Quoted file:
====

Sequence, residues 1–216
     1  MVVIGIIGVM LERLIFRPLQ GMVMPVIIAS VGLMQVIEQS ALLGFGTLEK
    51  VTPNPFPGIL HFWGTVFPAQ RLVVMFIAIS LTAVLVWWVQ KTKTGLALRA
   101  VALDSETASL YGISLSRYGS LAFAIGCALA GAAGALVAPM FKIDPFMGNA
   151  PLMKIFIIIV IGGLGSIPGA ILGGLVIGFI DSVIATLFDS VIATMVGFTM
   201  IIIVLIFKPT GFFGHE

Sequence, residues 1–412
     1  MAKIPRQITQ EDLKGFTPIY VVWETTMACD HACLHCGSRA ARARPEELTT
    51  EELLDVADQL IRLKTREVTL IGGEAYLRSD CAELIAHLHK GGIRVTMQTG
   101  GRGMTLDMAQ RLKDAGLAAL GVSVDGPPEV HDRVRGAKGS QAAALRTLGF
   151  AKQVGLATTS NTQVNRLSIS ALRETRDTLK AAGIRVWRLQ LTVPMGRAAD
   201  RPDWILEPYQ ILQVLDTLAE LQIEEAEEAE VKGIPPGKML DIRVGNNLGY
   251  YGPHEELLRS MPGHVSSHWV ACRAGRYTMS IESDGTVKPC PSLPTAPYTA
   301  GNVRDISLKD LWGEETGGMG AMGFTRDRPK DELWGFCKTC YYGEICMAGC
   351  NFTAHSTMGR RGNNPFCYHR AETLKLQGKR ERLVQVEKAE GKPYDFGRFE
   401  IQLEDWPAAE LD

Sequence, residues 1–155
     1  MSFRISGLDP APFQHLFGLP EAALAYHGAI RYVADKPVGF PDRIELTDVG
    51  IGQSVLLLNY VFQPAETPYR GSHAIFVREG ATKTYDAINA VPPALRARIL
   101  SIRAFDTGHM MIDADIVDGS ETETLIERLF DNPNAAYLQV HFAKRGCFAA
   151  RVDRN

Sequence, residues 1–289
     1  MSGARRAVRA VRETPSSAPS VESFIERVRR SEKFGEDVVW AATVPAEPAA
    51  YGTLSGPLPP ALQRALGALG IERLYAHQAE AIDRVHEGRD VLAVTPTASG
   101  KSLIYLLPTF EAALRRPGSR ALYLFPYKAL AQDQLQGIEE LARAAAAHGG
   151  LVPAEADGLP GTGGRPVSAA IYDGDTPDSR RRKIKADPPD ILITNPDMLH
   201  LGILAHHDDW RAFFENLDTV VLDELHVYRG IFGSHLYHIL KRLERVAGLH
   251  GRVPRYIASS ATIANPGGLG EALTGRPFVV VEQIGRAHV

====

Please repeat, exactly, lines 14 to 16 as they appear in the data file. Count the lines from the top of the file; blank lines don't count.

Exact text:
   301  GNVRDISLKD LWGEETGGMG AMGFTRDRPK DELWGFCKTC YYGEICMAGC
   351  NFTAHSTMGR RGNNPFCYHR AETLKLQGKR ERLVQVEKAE GKPYDFGRFE
   401  IQLEDWPAAE LD